in this marvelous,
magnetic, angular hour
when sun and earth
seek a new relation,
and we anticipate
the max benefits
that will be here
in half a year
(as they will not be
for globe-mates in the
I think there will be foxglove
and hydrangea when
Kepler''s laws begin to whirl us
by Jim Culleny
Sughra Raza. Untitled. Maine, 2014.
With best wishes to all for smooth sailing in a fulfilling new year.
For Agha Ashraf Ali
You light a candle
Carp the darkness
With your usual flourish
Debone a carp
Add a pinch of salt
In your carpeted kitchen
Discourse on the next course
To scrape or not the fish head,
You offer a scrap of history
Bestowed once by the people
On the Big Crap who betrayed them
We seize the head
Before the diem carpe us
And raise our glass
To the disappeared carpenters
A parched paradise
By Rafiq Kathwari, whose first book of poems is forthcoming in April 2015 from Doire Press, Ireland. More work here.
Kazuo Ishiguro in The Guardian:
Many people have to work long hours. When it comes to the writing of novels, however, the consensus seems to be that after four hours or so of continuous writing, diminishing returns set in. I’d always more or less gone along with this view, but as the summer of 1987 approached I became convinced a drastic approach was needed. Lorna, my wife, agreed.
Until that point, since giving up the day job five years earlier, I’d managed reasonably well to maintain a steady rhythm of work and productivity. But my first flurry of public success following my second novel had brought with it many distractions. Potentially career-enhancing proposals, dinner and party invitations, alluring foreign trips and mountains of mail had all but put an end to my “proper” work. I’d written an opening chapter to a new novel the previous summer, but now, almost a year later, I was no further forward.
So Lorna and I came up with a plan. I would, for a four-week period, ruthlessly clear my diary and go on what we somewhat mysteriously called a “Crash”. During the Crash, I would do nothing but write from 9am to 10.30pm, Monday through Saturday. I’d get one hour off for lunch and two for dinner. I’d not see, let alone answer, any mail, and would not go near the phone. No one would come to the house. Lorna, despite her own busy schedule, would for this period do my share of the cooking and housework. In this way, so we hoped, I’d not only complete more work quantitively, but reach a mental state in which my fictional world was more real to me than the actual one.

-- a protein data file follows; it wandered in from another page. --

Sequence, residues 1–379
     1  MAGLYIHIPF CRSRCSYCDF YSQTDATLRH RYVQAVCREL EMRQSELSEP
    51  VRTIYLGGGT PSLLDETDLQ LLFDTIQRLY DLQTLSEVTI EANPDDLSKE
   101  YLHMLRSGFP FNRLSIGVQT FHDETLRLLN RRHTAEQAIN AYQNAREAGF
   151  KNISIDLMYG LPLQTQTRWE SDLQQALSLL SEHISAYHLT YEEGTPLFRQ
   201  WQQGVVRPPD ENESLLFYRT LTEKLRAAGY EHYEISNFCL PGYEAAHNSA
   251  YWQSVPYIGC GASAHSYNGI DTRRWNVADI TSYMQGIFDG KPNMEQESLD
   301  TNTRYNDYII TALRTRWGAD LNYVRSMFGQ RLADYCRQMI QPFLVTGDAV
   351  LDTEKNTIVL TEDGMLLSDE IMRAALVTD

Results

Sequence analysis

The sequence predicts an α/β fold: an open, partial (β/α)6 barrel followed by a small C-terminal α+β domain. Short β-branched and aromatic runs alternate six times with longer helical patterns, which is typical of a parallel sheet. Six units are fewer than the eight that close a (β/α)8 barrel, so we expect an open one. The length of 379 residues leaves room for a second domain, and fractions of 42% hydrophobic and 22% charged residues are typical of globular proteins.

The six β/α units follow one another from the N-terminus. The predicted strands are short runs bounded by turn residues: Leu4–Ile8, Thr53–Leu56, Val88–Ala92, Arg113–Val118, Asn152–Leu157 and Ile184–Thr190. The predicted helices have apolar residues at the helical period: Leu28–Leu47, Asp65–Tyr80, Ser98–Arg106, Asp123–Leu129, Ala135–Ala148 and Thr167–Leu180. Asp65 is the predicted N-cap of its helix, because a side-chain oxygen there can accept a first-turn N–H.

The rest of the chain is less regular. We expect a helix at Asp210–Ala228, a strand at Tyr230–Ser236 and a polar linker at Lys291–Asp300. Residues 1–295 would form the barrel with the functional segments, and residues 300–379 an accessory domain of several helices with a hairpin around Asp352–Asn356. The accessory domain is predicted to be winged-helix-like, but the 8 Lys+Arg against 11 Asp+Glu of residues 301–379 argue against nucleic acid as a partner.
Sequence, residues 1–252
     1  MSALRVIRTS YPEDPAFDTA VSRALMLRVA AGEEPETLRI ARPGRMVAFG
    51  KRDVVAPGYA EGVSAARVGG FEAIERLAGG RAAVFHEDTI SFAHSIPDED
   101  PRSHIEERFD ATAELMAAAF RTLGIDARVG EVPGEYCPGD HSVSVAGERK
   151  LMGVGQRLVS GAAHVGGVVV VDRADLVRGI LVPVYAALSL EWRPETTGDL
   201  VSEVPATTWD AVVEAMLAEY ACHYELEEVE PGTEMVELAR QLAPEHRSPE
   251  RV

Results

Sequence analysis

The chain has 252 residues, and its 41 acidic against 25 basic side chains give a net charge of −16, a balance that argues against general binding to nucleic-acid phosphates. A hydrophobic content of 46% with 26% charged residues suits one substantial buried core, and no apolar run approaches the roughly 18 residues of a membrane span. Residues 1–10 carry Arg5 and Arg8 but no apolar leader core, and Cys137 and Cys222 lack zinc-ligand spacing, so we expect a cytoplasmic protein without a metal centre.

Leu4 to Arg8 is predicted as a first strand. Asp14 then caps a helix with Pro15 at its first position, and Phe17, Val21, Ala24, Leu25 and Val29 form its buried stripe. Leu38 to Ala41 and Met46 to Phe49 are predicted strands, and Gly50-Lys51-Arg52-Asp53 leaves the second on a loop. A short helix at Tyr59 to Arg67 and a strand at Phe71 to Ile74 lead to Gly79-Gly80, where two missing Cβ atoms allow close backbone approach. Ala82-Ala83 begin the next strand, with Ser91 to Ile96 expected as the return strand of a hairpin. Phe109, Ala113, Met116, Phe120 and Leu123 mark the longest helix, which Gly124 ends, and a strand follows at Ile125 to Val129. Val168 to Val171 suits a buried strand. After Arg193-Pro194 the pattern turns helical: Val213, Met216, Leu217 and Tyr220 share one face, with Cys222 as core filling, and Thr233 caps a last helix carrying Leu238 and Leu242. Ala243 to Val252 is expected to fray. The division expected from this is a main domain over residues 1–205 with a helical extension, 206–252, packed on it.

Evelyn Lamb in Scientific American:
For Halloween, I wrote about a very scary topic: higher homotopy groups.Homotopy is an idea in topology, the field of math concerned with properties of shapes that stay the same no matter how you squish or stretch them, as long as you don’t tear them or glue things together. Both homotopy groups and the somewhat related homology groups are different ways to describe the topology of shapes using algebra. In my post, I said that homology detects “holes” of different dimensions. But, as one commenter asked, what do I mean by holes of different dimensions?
Good question! I deliberately used “hole” as a wiggle word because there isn’t a real mathematical definition of hole. But here’s my short answer that is also the reason I’m not an algebraic topologist. If you can put it on a necklace, it has a one-dimensional hole. If you can fill it with toothpaste, it has a two-dimensional hole. For holes of higher dimensions, you’re on your own.
That answer isn’t very satisfying. Is there a better way to describe holes? I talked with some of my topologist friends and discovered two things: topologists don’t all agree on what a hole is, and it’s fun and interesting to think about different interpretations of a word whose mathematical definition isn’t completely settled. I think my larger conclusion, in the spirit of the season, is that holes are like Santa Claus: the true meaning is in your heart. So let’s look into our hearts and think about what holes are.